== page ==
Your Android phone is a vital part of your life. It’s your daily planner, your navigation system and your mobile shopping partner. You do everything with your phone and that alone makes it the perfect target for criminals to try and get to you.
The attack can begin as simply as a text message from an unknown number asking you to install Adobe Flash Player. But if you do, you are really downloading the thieves’ malware creation, and once you click, your address book, personal information and everything else on your phone becomes vulnerable to cybercriminals.
Identifying Common Types of Malware
With more than 1 million malware threats introduced every single day, the threats to your phone and your security are constantly changing. However, the list below includes the largest, most commonly seen malware types in today’s market.
- Adware. This malware appears in the form of pop-ups and aims to redirect users to web pages or applications they had not intended to visit to introduce the malware.
- Banker malware. As the name implies, banker malware targets the victim’s bank credentials without the victim knowing it.
- Ransomware. One of the most widely known types of malware, ransomware extorts money from victims to free their files or devices from the lock-down placed on them by the scammer.
- Rooting malware. By rooting into the device, rooting malware gains increased access and control over the victim's device or system.
- SMS malware. This malware can intercept text messages or even send new ones all resulting in additional SMS charges, often without the user being aware of the increased activity.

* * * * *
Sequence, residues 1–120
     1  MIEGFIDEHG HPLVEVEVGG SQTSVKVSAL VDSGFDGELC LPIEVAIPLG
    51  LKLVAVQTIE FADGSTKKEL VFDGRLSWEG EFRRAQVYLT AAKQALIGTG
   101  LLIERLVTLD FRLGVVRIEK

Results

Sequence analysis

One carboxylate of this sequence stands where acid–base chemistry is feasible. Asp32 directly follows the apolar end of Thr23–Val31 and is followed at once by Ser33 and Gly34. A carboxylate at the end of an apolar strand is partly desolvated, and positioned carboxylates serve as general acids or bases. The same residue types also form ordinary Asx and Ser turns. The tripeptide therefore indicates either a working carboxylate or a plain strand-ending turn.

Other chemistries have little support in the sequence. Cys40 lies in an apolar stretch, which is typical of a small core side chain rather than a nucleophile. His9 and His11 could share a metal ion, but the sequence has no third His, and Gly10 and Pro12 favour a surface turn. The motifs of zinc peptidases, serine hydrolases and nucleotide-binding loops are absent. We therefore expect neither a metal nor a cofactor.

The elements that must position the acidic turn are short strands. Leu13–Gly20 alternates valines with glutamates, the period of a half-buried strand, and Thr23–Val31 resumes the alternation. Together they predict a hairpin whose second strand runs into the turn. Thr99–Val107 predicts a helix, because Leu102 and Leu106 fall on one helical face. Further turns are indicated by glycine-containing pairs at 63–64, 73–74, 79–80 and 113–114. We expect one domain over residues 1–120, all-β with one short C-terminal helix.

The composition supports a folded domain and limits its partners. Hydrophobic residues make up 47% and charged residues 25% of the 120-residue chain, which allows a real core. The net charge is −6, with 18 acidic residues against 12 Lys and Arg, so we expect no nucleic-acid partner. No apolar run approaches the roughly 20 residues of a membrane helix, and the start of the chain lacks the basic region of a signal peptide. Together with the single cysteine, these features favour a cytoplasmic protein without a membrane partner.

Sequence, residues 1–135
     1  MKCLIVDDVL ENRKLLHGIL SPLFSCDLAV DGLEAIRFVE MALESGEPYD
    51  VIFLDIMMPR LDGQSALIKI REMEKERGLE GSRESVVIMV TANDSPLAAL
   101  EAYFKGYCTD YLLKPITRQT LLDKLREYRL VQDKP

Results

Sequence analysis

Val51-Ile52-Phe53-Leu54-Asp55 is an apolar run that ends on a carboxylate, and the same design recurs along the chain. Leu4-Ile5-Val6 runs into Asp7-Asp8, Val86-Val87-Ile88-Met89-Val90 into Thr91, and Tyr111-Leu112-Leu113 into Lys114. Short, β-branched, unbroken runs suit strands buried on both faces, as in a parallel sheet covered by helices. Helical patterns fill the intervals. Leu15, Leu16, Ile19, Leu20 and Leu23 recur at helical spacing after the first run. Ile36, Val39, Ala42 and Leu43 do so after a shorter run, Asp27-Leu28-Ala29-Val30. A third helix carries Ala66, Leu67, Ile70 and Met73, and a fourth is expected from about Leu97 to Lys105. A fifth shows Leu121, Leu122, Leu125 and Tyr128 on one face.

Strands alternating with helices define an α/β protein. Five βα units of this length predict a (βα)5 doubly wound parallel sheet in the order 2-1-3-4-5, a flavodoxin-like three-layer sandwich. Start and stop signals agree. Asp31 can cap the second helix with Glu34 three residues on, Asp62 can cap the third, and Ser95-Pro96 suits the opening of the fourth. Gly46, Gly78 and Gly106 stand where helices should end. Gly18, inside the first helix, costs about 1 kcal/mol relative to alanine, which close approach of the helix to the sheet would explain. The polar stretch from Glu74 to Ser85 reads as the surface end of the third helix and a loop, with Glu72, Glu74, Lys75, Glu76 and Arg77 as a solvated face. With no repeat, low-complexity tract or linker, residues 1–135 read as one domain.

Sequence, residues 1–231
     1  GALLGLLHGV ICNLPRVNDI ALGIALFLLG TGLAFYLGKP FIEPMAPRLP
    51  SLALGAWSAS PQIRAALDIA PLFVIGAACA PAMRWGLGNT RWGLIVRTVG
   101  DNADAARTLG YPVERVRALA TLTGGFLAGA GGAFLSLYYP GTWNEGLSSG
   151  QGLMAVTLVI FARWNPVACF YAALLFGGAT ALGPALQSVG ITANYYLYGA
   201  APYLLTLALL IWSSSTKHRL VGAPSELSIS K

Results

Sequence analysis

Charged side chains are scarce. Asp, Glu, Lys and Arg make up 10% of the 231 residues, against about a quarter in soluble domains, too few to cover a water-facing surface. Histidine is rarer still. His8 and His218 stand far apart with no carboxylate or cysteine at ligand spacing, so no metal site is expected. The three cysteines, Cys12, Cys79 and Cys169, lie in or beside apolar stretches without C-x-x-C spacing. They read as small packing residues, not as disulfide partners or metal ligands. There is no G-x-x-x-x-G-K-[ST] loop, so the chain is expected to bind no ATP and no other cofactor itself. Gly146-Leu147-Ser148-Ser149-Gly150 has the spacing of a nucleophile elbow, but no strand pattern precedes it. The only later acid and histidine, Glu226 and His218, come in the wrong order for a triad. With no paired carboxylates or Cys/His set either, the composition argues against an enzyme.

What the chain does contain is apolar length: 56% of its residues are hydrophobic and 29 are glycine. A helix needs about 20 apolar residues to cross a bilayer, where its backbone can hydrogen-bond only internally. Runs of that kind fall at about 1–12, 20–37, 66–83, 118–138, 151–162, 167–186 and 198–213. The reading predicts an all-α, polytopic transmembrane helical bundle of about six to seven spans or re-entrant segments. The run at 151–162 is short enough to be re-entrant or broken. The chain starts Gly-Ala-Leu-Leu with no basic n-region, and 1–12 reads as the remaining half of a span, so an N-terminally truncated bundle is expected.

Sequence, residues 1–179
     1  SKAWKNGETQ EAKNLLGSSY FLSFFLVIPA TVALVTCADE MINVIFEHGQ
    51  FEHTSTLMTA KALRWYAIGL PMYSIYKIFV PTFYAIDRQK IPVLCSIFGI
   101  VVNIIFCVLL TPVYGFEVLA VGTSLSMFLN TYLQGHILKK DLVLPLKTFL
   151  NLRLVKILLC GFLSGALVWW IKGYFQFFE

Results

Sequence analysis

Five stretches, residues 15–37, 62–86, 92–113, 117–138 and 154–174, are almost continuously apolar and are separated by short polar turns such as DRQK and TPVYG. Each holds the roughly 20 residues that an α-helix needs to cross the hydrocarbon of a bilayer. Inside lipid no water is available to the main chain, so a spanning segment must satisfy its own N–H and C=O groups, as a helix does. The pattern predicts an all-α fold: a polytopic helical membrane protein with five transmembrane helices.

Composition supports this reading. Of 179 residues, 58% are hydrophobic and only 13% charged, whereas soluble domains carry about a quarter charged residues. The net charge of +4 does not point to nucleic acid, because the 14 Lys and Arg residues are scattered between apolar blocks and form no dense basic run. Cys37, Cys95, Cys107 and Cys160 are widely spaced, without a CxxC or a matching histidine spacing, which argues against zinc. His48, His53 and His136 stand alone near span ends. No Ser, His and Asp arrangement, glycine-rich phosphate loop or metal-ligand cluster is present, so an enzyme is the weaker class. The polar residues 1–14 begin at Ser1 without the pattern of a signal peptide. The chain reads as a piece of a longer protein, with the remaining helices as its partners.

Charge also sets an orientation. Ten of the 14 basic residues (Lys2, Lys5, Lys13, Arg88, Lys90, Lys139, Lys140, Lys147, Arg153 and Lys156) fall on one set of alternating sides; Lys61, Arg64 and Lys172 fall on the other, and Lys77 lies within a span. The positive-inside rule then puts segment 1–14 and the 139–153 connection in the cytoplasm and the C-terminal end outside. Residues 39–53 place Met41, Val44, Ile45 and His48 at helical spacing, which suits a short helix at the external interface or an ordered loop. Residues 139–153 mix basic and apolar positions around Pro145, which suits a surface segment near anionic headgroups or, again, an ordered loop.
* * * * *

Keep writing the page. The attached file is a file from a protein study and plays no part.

- Spyware. Spyware lives up to its name by monitoring and recording the victim’s actions on their devices all without their knowledge or permission.
Protecting Yourself and Your Device from Malware
The presence of malware on your Android or any other system could be catastrophic. To protect yourself, follow these tips:
- Install an antivirus software on your phone such as AVG, Avast or Trend Micro Mobile.
- Never click on links or open emails or attachments that you weren’t expecting to receive.
- Only download software updates when advised to do so by your phone carrier.
- Apply an encryption app to protect the personal data you have stored on your phone. This includes passwords, financial information, account numbers, etc.
- Don’t respond to texts from incomplete phone numbers. Just delete them.
- Never call a phone number spawned from an unknown text message.
- Use VPN on your mobile device.
- Only install software and applications from known sources.
Lastly, trust your gut. If something seems off to you, you’re probably right. Take your time and do a little more homework before opening that link or downloading that update. Your extra research will benefit you and your phone every single time.
Learn more about how you can protect yourself against fraud.